Third: I don’t know where Rowan lives, I assume Berlin – I would not want to relocate either to other areas of Germany.

    Not going into the traditional route also may be exactly what twitter needs; while many people have picked up on social for the first time around 2009/2010 with Twitter, it is now Facebook. Please don’t forget: What does not exist in German does not exist in the mindset.

    All these reports over the years about Twitter? They where predominantly english only. A UK person is able to read that, a typical German (or french / spanish / italian) person will not. Thus it has been out of the mindsets of people for some time. Anything real time like sports and TV could work well to get that aspect back.

    Are they done? By no means. There is a strong network of influencers also heavily connected on Twitter and many major stories going into mainstream media had their share on twitter buzz as well.

    1. Hmmm…interesting choice. Berlin that is…most german high-tech is located in the Munich area.
      http://scottsscripts.wordpress.com/

    2. A typical German is usually able to speak and especially read English relatively well;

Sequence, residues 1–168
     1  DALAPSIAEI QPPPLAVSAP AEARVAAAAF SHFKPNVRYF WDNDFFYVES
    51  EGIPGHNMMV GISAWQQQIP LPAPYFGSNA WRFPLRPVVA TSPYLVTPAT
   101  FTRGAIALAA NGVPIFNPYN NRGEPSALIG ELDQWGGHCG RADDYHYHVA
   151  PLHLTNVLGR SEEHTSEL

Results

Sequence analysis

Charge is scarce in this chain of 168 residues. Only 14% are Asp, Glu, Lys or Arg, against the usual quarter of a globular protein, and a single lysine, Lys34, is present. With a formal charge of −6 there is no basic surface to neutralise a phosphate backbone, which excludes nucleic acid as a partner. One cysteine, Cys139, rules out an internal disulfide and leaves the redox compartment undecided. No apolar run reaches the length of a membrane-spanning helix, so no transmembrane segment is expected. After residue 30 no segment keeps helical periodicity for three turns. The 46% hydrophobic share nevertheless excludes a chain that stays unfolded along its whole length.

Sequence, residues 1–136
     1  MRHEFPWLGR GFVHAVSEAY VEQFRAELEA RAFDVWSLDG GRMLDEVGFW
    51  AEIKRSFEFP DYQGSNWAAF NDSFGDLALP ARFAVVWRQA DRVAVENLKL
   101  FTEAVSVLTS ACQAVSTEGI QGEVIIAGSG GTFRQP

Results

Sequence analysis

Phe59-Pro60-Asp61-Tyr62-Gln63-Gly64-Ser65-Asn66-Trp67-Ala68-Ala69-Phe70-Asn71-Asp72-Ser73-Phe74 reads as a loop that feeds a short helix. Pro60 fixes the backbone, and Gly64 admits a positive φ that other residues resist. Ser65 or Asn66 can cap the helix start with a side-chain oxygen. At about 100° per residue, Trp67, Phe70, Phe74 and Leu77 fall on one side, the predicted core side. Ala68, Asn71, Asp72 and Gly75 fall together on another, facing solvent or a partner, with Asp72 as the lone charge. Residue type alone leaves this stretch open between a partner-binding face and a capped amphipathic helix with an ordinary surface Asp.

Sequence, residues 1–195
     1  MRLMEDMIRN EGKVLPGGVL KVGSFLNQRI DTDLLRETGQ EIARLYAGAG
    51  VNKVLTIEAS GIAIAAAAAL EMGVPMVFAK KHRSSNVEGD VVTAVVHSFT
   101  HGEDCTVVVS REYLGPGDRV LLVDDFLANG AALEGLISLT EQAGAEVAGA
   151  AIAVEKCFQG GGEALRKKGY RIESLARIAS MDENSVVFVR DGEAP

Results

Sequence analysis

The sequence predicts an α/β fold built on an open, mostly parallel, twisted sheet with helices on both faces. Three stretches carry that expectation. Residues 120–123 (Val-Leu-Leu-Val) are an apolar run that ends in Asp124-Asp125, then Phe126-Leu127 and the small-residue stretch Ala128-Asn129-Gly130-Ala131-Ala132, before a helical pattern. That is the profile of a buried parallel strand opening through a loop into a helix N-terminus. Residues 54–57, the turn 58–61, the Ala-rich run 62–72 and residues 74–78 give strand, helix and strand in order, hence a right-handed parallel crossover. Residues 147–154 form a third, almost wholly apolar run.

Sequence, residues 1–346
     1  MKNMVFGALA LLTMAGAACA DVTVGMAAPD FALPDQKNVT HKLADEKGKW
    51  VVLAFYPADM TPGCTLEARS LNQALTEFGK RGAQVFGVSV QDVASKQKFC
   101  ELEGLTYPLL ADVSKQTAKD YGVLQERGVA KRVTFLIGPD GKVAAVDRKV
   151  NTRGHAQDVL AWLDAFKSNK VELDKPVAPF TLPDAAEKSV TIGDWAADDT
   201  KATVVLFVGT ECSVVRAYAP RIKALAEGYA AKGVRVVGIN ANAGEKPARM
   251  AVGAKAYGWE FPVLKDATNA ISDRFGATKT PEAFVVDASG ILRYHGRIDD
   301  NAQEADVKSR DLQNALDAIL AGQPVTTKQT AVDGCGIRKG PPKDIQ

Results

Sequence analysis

and what doesn`t exist in German actually exists in the mindset especially if it`s from the US,, just like Youtube, Facebook, Amazon and so on gained some popularity here long before opening German offics

      1. BmS I have been training people in how to use the computer, then internet and now social media for roughly 20 years. ‘Normal people’ do not follow the english sphere nor do they prefer to take information out of that. Their information base is german. While they might be able to speak and read english, they absolutly prefer not to and normal english blogs / websites are not on their daily reading menue.

        Which in part explains why so many ‘successful’ german sites can still get away with just translating english news into german days later.

        As for your examples: Youtube is images, easy to surf there and Amazon has been a key player for over a decade with a very german approach. Facebook has been surfing under the radar until it finally go a german interface – what you see today as success does not come from facebook being facebook but it having a german interface.

        As with most companies, the german offices are not for R&D but for simple sales and administration if at all – as you also can see by the low number of people working there.

  2. Reblogged this on BULLETFAME.

  3. Berlin is a great choice. Hamburg and munich are of the past. Wealthy but saturated and arrogant late adopters of tech trends.

  4. In California, a new start up is one in hundreds (or perhaps thousands) each months. In Europe, traditionally a society that respects big names, fame and celebrity, one has the Chancellor of the country participating not even for a new start up, just a new office a famous brand name. Germany start ups have less risk tolerance, but they are meticulously prepared. Nothing bad happens if one fails.